Included with the Baidun collection are Byzantine gold coins as well as earlier coinage up to the 2nd century AD
(as pictured above).
Coins of the Levant
Coins, coins and more coins ...... thousands of coins from antiquity. The antiquities of the Levant.
While coins in the Baidun collection cover a wide span of time, a considerable portion consists of coinage from the 1st-2nd centuries (BC and AD):
Maccabean/Hasmonian coins - minted in the 1st-2nd century BC - including the bronze prutah best known as the "widow's mite" cited by Jesus of Nazareth.
Roman coinage - minted under the authority of the emperor or of local prefects/procurators (such as Pontius Pilate). A prime example is the imperial silver denarius (generally equivalent to a about a day's wage for skilled laborers and often used for paying taxes), typically featuring an image of Roman emperors and/or deities. A second example would be a locally minted Roman version of a bronze prutah (which surprisingly avoided placement of graven images as proscribed by the second of the Ten Commandments).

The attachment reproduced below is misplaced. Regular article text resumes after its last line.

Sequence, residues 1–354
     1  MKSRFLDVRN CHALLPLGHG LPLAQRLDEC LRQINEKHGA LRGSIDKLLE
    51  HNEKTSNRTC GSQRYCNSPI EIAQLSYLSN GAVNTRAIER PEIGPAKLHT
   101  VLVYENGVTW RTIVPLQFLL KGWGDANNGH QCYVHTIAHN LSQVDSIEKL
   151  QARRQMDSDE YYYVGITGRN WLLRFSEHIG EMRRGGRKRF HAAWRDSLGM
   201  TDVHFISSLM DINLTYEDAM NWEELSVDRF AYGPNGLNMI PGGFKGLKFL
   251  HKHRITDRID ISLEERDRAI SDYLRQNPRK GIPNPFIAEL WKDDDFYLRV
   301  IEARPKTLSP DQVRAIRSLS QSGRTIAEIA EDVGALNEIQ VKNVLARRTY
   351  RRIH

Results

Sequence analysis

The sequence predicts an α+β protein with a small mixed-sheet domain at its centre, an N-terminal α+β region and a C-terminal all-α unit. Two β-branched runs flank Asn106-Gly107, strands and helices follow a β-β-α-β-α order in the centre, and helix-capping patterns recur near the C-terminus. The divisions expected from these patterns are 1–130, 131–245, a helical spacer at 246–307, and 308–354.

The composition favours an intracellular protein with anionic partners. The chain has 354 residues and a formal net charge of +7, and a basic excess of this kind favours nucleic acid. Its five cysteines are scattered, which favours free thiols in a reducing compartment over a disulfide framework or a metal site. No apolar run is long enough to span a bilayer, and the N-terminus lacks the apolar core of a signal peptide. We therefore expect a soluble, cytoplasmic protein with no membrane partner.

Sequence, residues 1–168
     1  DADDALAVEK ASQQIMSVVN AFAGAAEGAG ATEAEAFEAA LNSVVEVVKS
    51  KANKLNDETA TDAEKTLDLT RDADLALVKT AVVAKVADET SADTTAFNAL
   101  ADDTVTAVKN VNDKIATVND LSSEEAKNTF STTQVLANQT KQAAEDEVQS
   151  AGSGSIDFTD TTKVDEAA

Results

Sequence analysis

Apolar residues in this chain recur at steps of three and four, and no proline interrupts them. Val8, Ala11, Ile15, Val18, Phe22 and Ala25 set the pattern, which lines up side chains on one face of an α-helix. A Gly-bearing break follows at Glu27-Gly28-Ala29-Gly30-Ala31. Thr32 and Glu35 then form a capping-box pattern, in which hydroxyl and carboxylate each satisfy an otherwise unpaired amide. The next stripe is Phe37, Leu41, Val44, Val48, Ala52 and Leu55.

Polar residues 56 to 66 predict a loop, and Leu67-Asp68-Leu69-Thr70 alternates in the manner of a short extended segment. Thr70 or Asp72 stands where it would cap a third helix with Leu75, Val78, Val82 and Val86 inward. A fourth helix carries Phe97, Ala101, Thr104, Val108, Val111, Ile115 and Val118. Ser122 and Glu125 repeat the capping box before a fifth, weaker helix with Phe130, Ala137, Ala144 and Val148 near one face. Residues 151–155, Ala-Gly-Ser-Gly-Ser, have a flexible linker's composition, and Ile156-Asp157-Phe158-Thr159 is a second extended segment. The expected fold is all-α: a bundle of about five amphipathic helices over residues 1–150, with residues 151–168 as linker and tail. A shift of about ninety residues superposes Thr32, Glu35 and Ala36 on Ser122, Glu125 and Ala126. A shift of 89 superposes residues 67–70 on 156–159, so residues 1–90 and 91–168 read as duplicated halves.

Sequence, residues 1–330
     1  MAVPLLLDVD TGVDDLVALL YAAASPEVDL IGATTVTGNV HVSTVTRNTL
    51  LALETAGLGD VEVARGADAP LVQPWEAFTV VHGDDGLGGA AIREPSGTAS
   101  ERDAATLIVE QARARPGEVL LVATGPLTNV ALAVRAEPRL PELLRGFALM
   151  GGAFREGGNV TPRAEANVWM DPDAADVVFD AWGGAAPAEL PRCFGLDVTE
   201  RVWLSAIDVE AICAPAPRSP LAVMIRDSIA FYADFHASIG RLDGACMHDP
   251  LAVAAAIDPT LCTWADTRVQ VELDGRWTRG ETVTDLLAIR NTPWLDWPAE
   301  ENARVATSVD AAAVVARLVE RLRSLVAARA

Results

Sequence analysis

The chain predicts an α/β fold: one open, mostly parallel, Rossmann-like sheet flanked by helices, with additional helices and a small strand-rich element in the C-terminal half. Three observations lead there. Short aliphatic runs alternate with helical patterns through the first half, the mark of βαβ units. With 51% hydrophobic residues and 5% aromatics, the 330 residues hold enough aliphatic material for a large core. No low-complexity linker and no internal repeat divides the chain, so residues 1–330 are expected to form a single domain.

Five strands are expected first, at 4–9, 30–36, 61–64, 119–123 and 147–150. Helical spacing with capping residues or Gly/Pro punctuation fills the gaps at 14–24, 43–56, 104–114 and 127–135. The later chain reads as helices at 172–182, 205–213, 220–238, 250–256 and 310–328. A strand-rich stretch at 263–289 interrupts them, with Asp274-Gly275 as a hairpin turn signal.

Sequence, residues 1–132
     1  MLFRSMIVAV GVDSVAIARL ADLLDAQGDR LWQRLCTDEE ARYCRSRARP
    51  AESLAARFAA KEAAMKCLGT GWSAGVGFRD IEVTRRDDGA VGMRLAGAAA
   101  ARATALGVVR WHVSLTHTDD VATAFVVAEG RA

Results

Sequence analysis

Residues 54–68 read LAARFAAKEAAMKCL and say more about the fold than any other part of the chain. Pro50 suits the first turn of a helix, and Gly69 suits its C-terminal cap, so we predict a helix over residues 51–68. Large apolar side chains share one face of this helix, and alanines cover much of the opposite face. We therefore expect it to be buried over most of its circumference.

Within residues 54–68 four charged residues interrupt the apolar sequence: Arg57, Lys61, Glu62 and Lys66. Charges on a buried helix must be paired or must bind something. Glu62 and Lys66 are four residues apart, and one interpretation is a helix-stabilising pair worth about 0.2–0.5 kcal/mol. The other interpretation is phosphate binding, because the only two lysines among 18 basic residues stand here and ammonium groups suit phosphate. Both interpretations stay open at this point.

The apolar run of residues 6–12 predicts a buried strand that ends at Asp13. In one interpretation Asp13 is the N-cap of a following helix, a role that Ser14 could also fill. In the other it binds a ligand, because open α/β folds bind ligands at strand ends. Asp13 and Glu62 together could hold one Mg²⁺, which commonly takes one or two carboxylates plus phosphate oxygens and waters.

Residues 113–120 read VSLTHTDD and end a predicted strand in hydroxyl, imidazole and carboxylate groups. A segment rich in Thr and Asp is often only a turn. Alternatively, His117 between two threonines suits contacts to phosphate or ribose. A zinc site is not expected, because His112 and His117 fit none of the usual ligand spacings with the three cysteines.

Silver Tyrian shekels and half shekels - used for payment of the Jewish Temple tax and due to their purity, a required exchange necessitating the money changers of the 2nd Temple.
Jewish coinage - under the authority of the reigning Roman approved monarch (the Herodians) - including more of the prutah coins which sometimes departed from Jewish prohibitions against animal or human likenesses; also including Jewish silver and bronze coinage minted during the Jewish Revolt from 66-70 AD.